REP. JERROLD NADLER (D) NEW YORK: Violating our civil rights laws, violating the Constitution, violating the rights of U.S. citizens and of non-citizens who are here legally. That's not law enforcement; that's subversion of the law.
SYLVESTER: Representative Jerrold Nadler and three other top Democrats have singled out Sheriff Joe Arpaio of Maricopa County, asking for a Justice Department investigation into alleged civil rights abuses. But at this hearing, Sheriff Arpaio was not invited to testify.
SHERIFF JOE ARPAIO, MARICOPA COUNTY, ARIZONA: We've done a great job the working together with the federal agency and now because of politics, using me as the poster boy, they want to get rid of this agreement with the federal government.
SYLVESTER: The Department of Homeland Security is currently reviewing its agreements with local jurisdictions. The American civil liberties unit has asked Homeland Security chief Janet Napolitano to go even further and suspend the 287(g) partnerships while they're reviewed, saying it leads to racial profiling.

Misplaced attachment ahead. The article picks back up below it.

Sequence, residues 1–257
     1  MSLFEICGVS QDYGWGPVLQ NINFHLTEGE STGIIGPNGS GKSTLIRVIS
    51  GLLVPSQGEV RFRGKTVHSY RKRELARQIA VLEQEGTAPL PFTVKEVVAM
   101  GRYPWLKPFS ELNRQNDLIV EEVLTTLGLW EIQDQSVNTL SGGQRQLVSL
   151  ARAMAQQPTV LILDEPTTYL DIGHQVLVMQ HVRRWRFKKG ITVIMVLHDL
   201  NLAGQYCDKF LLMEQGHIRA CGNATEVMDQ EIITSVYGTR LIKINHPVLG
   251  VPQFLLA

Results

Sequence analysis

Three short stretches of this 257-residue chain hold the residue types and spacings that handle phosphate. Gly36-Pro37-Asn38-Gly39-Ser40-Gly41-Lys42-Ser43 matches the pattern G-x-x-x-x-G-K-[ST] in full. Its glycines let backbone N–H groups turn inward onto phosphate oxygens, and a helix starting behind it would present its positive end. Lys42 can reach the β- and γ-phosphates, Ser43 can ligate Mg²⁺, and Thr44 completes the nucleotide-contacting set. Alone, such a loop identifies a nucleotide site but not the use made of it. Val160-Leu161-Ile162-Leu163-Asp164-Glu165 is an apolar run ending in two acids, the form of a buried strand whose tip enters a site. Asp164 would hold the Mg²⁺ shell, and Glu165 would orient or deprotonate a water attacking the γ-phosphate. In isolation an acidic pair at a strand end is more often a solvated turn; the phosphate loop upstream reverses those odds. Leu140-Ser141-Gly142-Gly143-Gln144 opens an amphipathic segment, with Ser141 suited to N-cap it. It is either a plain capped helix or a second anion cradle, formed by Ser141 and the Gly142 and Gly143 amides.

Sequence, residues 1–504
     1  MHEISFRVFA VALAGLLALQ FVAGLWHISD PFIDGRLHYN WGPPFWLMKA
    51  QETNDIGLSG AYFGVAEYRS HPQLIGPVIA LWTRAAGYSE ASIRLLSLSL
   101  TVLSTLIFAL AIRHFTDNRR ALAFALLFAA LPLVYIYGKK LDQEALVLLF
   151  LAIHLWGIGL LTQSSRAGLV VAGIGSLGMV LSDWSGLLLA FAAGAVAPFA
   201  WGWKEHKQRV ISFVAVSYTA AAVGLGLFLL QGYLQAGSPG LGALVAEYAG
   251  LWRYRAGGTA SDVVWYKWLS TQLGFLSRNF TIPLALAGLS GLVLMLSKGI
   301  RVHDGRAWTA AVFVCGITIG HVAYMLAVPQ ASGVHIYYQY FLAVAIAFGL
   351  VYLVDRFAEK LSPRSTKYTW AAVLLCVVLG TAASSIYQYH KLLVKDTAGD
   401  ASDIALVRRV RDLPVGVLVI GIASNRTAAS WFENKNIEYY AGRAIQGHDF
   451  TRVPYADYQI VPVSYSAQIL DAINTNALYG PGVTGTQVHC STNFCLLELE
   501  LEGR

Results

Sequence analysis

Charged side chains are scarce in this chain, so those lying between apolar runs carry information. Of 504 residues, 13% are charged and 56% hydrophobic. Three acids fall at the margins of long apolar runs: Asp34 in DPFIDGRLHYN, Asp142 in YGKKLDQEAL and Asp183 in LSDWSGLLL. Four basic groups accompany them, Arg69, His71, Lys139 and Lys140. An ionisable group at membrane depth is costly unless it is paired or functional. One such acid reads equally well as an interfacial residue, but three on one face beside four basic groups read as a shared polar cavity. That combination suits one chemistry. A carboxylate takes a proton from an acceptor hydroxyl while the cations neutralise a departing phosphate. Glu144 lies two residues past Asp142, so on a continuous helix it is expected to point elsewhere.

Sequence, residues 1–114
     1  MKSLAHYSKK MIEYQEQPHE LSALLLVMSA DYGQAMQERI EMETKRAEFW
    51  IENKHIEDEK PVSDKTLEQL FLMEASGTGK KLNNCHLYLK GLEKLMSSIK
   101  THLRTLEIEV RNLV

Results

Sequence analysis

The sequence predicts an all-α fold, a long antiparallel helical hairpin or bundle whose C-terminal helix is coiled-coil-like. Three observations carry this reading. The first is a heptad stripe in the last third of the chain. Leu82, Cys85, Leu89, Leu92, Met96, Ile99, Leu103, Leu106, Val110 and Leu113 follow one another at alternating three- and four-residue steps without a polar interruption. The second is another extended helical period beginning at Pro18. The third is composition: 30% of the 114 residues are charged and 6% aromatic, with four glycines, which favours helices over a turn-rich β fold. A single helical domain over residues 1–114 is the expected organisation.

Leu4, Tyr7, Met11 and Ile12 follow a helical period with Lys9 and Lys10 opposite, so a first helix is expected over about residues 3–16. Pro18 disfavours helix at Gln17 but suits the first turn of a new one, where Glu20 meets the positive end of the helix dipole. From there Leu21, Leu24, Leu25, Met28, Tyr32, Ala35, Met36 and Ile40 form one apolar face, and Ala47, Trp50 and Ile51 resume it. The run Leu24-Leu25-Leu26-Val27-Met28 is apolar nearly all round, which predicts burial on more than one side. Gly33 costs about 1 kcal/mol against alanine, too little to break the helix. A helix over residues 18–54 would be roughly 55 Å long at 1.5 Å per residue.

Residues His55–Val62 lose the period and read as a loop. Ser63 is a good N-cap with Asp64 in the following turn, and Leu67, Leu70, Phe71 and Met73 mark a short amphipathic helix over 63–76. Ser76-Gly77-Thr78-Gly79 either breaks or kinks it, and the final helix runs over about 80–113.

But attorney Kris Kobach who often represents groups active and limiting illegal immigration, charges there's no evidence of that.
KRIS KOBACH, IMMIGRATION LAWYER: There have been reports, anecdotes, but there's not been one internal affairs investigation that's ever found any racial profiling by a 287(g) officer.
SYLVESTER: Supporters of 287(g) also claim that 42 local jurisdictions are currently on a waiting list to join the program.
(On camera) Much of this comes down to manpower. Local law enforcement has the officers and the resources on the street, but the agency in charge of enforcing federal immigration law has only 5,600 special agents in charge of finding some 12 million-plus illegal aliens.
Lisa Sylvester, CNN, Washington.